When you reduce Mr. Powell’s endorsement as based on pigment alone, you deny his humanity and call him a liar.  The man has provided his rationale, and he deserves – like anyone, and more than most – to be trusted as a man of his word.

My niece asked me this last night.  My short answer was:  I have grandchildren.  She asked for the long answer, and here’s what I told her.

1) My work on national security reform this year has convinced me that significant changes are necessary to secure the nation’s freedoms and prosperity. From civil-military operations in Iraq and Afghanistan to understanding the security implications of international finance – we currently fail to integrate the elements of national power to realize security goals effectively.  We lack a national strategy, and worse: We lack the ability to create strategy.  As a result, we find ourselves reacting instead of planning.  Because only the military plan and prepare for deployment, we send them in first.  We are currently ‘nation-building’ in Afghanistan, an enormous agricultural economy, and guess how many employees from the Department of Agriculture are in country?  Well, recently the workforce there tripled, so the situation is improving.  Yes, we finally have six people in country to assist Afghan farmers recover and plant something other than poppy fields, up from two.  It’s just not expected as part of their job, because we don’t prepare the rest of the government to assist the military in our obligations.

An Obama presidency will be elected on a mandate of change, and will be more open to the need to consider a new approach to national security.  McCain is an honored Cold Warrior, but so far does not speak in ways that indicate he understands the nuance and complexity of international issues (he was precipitous in his assessment of the Georgia situation).

2) McCain’s response to the fiscal crisis was scattered, and amounted to “fire the SEC chairman.”  First of all, the President lacks the authority to fire the head of the SEC.  Second of all, there is no indication of wrongdoing – he has accused a public servant of ‘betraying the public,’ the worst thing you can say, and there is no truth to it.  Worse, the problems are mainly systemic, not just due to individual greed.  To wield the “accountability” stick without ideas for reform to the regulatory frameworks (which were called outdated by Secretary Paulson) indicates a lack of understanding regarding What Needs to be Done.  He may have come around by now, but he’s not demonstrating to me that he’s ready to lead on ‘day one.’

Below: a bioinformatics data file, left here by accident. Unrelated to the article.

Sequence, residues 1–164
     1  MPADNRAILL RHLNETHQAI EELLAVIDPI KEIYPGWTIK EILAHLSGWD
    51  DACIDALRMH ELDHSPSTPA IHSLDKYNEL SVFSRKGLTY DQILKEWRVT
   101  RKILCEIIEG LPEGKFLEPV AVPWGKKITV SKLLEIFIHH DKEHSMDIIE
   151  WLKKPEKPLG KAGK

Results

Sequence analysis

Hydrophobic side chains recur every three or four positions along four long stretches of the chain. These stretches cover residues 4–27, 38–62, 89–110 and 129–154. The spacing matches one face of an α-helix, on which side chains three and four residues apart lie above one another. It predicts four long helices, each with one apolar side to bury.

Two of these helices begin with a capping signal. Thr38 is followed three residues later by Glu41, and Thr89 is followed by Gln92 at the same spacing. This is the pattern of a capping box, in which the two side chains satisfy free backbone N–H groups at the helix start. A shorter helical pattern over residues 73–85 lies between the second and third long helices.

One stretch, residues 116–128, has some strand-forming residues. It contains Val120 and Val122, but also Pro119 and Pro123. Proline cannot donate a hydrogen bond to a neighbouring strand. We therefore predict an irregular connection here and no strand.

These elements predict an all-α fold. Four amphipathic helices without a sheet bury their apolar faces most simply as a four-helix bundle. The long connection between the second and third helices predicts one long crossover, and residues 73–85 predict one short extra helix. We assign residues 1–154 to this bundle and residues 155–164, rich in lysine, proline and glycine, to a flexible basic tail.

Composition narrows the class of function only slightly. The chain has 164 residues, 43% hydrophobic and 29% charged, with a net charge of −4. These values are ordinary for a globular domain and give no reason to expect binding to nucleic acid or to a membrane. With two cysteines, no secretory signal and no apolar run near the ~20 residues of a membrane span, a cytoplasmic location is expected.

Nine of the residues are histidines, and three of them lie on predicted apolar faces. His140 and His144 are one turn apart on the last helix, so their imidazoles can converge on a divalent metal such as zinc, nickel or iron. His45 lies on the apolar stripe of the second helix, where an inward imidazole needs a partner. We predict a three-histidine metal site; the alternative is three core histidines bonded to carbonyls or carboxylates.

3) Sarah Palin.  Her selection is an indictment of McCain’s judgment.  I’m sorry, she has a compelling personal narrative, and has endured possibly some unfair reporting – but she is profoundly unprepared for the office.  Worse, she believes she is prepared.  She is, to quote a conservative columnist, ‘out of her league.’  Read this column from National Review – an extremely conservative publication.  (http://tinyurl.com/4t6zgw) Others are weighing in as well (http://tinyurl.com/3p53v6) The argument that only elites are against her implies that we don’t want ‘elites’ in office.  When did elite become a bad word?  We like elite doctors, and elite lawyers when they’re on our side – why do we want “regular folk” to manage the helm of government?  Yes, Katie Couric can be a left-wing shrew.  But she asked fairly simple questions – and Gov. Palin failed to convince me she can even think straight. (http://tinyurl.com/54jfka)  McCain is a five-time cancer survivor would be the oldest first-term president if elected.  Actuarial tables don’t lie – Gov. Palin could find herself behind the Resolute desk in the Oval Office.  That visual, to me, is terrifying.  She’s worse than Dan Quayle, because she believes she needs to show confidence and is possibly blind to her own lack of preparedness and understanding.

4) There is no reason to vote for Sen. McCain.  I miss him, I supported him in 2000, but I miss him now.  Increasingly, I’m coming to realize that the ‘maverick’ who was always nipping at Republican heels, keeping them honest, isn’t necessarily the right man to man the helm.  Being a POW makes you a hero, it does not make you a national security expert.  Being in the Senate for 30 years does not make you an outsider.  He’s given me no positive reason to vote for him, he has no plan other than to extend the tax cuts.  His campaign is based on little more than exploiting fears about Sen. Obama’s age and tired narratives about tax-and-spend Democrats.

I can think of more, but those are enough for me.  A year ago, I hoped for this matchup, because I felt I could live with either choice, and we would finally have two leaders vying for the position.  I no longer feel McCain is a good choice for the presidency, and support Sen. Barack Obama for president.

Love,
UncJB